Italian beef is made using cuts of beef from the sirloin rear or the top/bottom round wet-roasted in broth with garlic, oregano and spices until cooked throughout. The meat is roasted at ≤ 350 °F (177 °C); this results in up to a 45% reduction in weight, but also yields the sandwich’s famous ‘jus’ or gravy. The beef is then cooled, sliced thin using a deli slicer, and then reintroduced to its reheated beef broth. The beef then sits in the broth, typically for hours. The inefficiency of this process, however, has started to concern many larger Italian beef producers and retailers. In response, some attempt to achieve higher yields by lowering the cooking temperature and placing the beef into food-grade polyester and nylon cook bags, which changes the outer appearance of the beef. Though this reduced time is sufficient for cooking the beef all the way through, it does not allow the jus to be harvested fully. Because traditional Italian beefs are dipped in the jus from their own roast, when this more efficient method is used, the sandwich’s potency is affected. Some companies add MSG, phosphates and other additives in attempts to reach for higher yields.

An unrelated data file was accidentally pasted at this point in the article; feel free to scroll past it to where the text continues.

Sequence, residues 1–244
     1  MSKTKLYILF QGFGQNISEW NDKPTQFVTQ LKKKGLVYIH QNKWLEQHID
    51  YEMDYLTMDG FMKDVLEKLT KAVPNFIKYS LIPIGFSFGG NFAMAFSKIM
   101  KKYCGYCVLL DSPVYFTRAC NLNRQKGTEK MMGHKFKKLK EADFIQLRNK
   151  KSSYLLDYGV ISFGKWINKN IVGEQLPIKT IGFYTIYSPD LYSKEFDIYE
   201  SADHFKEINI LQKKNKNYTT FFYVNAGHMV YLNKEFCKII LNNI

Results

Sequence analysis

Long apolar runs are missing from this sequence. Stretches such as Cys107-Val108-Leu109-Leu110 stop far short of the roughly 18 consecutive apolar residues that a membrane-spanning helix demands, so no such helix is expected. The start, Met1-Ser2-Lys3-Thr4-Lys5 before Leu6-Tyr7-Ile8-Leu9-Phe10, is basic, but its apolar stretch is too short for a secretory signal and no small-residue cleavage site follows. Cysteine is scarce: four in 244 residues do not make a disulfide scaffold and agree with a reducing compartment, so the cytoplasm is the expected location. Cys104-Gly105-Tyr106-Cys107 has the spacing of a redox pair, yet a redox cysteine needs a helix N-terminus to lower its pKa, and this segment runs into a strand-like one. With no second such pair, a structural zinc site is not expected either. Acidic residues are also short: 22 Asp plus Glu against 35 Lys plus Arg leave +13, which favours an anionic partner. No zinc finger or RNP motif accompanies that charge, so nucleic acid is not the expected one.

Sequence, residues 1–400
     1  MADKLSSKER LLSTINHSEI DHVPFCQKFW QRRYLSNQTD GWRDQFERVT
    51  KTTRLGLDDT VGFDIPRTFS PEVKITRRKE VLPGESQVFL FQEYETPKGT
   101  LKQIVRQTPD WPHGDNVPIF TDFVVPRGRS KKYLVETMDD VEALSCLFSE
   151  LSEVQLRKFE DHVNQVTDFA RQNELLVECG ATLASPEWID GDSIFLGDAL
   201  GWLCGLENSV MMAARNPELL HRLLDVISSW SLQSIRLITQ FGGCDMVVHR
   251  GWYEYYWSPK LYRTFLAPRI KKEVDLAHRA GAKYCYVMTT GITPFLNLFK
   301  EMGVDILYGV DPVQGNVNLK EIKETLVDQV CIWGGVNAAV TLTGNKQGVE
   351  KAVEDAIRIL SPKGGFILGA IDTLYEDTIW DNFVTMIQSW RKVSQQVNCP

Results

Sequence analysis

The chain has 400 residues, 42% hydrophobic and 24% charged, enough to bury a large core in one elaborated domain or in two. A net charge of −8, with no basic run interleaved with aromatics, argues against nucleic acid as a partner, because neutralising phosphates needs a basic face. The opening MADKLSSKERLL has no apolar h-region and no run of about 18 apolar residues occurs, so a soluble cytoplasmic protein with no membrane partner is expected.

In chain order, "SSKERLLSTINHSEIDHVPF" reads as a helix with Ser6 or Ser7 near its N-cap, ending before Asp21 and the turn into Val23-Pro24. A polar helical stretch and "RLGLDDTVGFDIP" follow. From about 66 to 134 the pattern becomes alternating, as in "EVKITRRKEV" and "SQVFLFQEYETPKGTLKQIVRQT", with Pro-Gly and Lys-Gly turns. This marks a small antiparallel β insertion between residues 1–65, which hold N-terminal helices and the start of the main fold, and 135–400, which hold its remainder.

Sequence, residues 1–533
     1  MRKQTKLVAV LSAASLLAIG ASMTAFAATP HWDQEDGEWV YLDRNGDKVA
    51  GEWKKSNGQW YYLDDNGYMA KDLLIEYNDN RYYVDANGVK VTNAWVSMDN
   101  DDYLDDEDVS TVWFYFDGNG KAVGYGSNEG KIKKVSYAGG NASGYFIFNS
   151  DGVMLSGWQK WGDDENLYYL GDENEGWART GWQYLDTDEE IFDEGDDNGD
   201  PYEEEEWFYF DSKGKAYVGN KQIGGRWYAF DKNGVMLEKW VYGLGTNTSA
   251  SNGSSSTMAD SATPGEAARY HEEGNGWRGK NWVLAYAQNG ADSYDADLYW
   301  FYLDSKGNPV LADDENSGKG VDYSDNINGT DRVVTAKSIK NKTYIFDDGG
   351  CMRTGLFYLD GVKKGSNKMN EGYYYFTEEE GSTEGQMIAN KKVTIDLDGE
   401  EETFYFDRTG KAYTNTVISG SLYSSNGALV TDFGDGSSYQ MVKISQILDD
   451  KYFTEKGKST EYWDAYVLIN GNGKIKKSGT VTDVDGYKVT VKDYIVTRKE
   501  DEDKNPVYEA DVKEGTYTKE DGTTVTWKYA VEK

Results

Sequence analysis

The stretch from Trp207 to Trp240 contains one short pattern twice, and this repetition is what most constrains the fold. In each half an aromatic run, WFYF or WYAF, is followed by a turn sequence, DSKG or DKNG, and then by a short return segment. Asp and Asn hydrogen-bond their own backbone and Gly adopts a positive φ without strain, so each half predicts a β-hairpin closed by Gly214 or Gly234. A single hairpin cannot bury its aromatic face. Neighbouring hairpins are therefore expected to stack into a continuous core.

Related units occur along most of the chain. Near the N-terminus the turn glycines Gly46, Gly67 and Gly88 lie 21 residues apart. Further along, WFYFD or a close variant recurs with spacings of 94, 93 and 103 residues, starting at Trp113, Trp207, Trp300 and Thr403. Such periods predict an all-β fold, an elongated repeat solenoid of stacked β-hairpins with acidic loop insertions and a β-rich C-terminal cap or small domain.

The exact origin is unknown, but many believe it was created by Italian immigrants who worked for Chicago’s old Union Stock Yards in the early 1900s. They often would bring home some of the tougher, less desirable cuts of beef sold by the company. To make the meat more palatable, it was slow-roasted to make it more tender, then slow-simmered in a spicy broth for flavor. Both the roasting and the broth used Italian-style spices and herbs. The meat was then thinly sliced across the grain and stuffed into fresh Italian bread.